The specific daily amounts of antioxidants and zinc used by the study researchers were 500 milligrams of vitamin C, 400 International Units of vitamin E, 15 milligrams of beta-carotene (often labeled as equivalent to 25,000 International Units of vitamin A), 80 milligrams of zinc as zinc oxide, and two milligrams of copper as cupric oxide. Copper was added to the AREDS formulation containing zinc to prevent copper deficiency anemia, a condition associated with high levels of zinc intake. There are several companies that produce vitamins that have the AREDS recommended formula. They will be labeled as such and have clear instructions on the bottle. Please inform your primary care physician if you start taking vitamins, and show them the bottle. (Note:  Smokers should not take beta-carotene, as it increases the risk of developing certain types of cancer. If you are smoking, or have smoked in the past several years, there are specific eye vitamins that omit beta-carotene.)

Who should take the AREDS formulation? 
People who are at high risk for developing advanced AMD should consider taking the formulation. You are at high risk for developing advanced AMD if you have either intermediate AMD in one or both eyes, or Advanced AMD (dry or wet) in one eye only.

The doctors of SoCal Eye can determine if you have AMD, its stage, and your risk for developing the advanced form. The AREDS formulation is not a cure for AMD. It will not restore vision already lost from the disease. However, it may delay the onset of advanced AMD. Also, it may help people who are at high risk for developing advanced AMD keep their vision.

Can people with early stage AMD take the AREDS formulation to help prevent the disease from progressing to the intermediate stage? 
There is no apparent need for those diagnosed with early stage AMD to take the AREDS formulation. The study did not find that the formulation provided a benefit to those with early stage AMD. If you have early stage AMD, a comprehensive dilated eye exam every year can help determine if the disease is progressing. If early stage AMD progresses to the intermediate stage, discuss taking the formulation with your doctor. That being said, there is no evidence that taking AREDS formula vitamins will cause harm.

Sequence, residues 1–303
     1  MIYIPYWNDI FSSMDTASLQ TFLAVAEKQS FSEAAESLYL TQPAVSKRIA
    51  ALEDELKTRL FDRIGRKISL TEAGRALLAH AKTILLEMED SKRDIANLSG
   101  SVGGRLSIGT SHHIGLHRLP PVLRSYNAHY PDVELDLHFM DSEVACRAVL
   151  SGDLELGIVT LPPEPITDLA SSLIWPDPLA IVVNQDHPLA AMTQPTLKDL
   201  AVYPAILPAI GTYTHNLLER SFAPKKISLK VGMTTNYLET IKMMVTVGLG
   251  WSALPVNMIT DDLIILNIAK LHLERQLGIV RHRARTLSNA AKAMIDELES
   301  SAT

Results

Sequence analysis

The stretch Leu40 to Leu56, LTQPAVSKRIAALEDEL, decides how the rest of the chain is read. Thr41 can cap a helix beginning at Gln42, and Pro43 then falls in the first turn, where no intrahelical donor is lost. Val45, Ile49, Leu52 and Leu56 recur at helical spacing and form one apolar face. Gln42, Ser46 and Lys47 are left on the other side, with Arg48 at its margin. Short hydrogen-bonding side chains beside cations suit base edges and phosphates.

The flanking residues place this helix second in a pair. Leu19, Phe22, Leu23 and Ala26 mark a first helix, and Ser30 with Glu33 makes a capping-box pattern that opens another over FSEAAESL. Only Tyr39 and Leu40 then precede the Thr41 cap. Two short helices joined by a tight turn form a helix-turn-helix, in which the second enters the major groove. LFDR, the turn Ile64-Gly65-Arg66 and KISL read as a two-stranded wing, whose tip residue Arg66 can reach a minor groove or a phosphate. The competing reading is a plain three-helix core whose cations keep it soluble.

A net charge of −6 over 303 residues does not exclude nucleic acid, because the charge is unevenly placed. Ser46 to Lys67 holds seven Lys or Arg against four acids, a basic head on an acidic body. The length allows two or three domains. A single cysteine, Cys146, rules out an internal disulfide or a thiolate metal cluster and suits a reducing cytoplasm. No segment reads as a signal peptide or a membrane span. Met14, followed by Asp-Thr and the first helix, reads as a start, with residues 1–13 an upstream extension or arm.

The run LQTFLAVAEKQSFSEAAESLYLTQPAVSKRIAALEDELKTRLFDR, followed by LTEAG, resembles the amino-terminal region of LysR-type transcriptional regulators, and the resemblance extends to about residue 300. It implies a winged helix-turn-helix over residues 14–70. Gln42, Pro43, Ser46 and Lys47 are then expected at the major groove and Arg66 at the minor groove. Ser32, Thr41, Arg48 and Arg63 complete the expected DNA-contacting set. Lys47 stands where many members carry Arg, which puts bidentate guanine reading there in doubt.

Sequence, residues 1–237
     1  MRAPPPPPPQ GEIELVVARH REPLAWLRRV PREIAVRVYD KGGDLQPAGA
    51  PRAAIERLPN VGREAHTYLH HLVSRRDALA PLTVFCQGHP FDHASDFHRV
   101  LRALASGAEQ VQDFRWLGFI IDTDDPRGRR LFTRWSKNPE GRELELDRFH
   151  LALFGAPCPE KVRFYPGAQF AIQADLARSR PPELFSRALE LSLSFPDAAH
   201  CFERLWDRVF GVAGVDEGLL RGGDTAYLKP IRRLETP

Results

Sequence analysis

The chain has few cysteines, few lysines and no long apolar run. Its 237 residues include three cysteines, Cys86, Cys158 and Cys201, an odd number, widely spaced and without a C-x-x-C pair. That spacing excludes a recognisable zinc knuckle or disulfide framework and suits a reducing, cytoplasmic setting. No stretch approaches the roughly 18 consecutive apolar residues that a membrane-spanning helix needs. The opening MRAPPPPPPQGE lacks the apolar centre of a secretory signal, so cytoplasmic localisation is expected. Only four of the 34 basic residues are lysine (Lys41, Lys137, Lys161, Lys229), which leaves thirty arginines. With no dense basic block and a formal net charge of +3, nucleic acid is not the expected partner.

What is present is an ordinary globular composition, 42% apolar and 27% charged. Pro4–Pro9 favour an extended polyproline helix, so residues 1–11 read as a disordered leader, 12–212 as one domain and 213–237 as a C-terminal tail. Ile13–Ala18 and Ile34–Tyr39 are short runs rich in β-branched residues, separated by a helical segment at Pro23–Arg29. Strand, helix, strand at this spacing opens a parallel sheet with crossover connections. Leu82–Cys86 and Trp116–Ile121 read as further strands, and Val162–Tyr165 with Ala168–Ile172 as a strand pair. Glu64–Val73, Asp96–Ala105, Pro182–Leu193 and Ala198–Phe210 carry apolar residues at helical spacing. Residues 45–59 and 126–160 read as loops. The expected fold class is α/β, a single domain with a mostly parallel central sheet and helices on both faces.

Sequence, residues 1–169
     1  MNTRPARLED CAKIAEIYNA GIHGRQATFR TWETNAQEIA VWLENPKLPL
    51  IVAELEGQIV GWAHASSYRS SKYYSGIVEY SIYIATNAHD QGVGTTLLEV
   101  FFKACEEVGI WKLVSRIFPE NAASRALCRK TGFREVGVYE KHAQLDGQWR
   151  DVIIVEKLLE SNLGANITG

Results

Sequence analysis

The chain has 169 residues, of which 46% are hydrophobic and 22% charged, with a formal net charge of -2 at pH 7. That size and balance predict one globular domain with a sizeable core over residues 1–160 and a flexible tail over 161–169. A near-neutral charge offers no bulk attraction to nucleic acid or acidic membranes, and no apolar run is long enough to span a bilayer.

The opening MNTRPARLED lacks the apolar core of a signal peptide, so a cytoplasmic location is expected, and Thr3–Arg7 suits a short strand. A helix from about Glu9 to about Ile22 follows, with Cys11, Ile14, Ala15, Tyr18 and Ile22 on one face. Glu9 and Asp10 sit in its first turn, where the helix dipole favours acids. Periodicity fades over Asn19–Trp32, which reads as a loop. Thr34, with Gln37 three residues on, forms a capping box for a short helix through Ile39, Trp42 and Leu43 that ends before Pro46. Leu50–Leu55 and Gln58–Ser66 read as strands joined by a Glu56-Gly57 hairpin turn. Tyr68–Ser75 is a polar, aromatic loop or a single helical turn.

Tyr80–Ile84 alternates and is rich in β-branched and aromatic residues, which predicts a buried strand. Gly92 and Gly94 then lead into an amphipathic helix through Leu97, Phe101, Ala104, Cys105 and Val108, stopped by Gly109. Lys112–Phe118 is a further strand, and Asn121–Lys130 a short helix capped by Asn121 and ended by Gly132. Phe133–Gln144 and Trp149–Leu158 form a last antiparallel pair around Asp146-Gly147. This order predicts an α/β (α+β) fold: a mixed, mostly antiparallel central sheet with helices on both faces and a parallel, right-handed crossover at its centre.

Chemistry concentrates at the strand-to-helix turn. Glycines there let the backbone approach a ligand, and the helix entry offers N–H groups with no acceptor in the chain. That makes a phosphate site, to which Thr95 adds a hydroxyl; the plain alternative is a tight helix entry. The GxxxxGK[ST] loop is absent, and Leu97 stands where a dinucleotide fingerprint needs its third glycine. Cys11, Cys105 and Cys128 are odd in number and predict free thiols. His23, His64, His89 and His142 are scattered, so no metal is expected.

How can I take care of my vision now that I have AMD?
– If you have dry AMD, you should have a comprehensive dilated eye exam at least once a year. The doctors at SoCal Eye can monitor your condition and check for other eye diseases. Also, if you have intermediate AMD in one or both eyes—or advanced AMD in one eye only—we may suggest you take the AREDS formulation containing the high levels of antioxidants and zinc.

Because dry AMD can turn into wet AMD at any time, we will provide you with an Amsler grid. Use the grid every day to evaluate your vision for signs of wet AMD. This quick test works best for people who still have good central vision. Check each eye separately. Cover one eye and look at the grid. Then, cover your other eye and look at the grid. If you detect any changes in the appearance of this grid, or in your everyday vision while reading the newspaper or watching television, get a comprehensive dilated eye exam.

– If you have wet AMD, and your doctor advises treatment, do not wait. After laser surgery or photodynamic therapy, you will need frequent eye exams to detect any recurrence of leaking blood vessels. Studies show that people who smoke have a greater risk of recurrence than nonsmokers. In addition, check your vision at home with the Amsler grid. If you detect any changes, schedule an eye exam immediately.

What can I do if I have already lost some vision from AMD?
If you have lost some sight from AMD, don’t be afraid to use your eyes for reading, watching TV, and other routine activities. Normal use of your eyes will not cause further damage to your vision. If you have lost some sight from AMD, ask us about low vision services and devices that may help you make the most of your remaining vision. In addition, there may be surgical options, including surgical implantation of an intraoculor telescope. Many community organizations and agencies offer information about low vision counseling, training, and other special services for people with visual impairments. The doctors and staff at SoCal Eye work closely with low vision specialists and organizations in our community to maximize and maintain each of our patient’s independence.

What research is being done?
The National Eye Institute is conducting and supporting a number of studies to learn more about AMD. For example, scientists are:

  • Studying the possibility of transplanting healthy cells into a diseased retina.
  • Evaluating families with a history of AMD to understand genetic and hereditary factors that may cause the disease.
  • Looking at certain anti-inflammatory treatments for the wet form of AMD.

This research should provide better ways to detect, treat, and prevent vision loss in people with macular degeneration.

Note: This information was provided by The National Eye Institute (NEI). The NEI is part of the National Institutes of Health (NIH) and is the federal government’s lead agency for vision research that leads to sight-saving treatments. The NEI plays a key role in reducing visual impairment and blindness.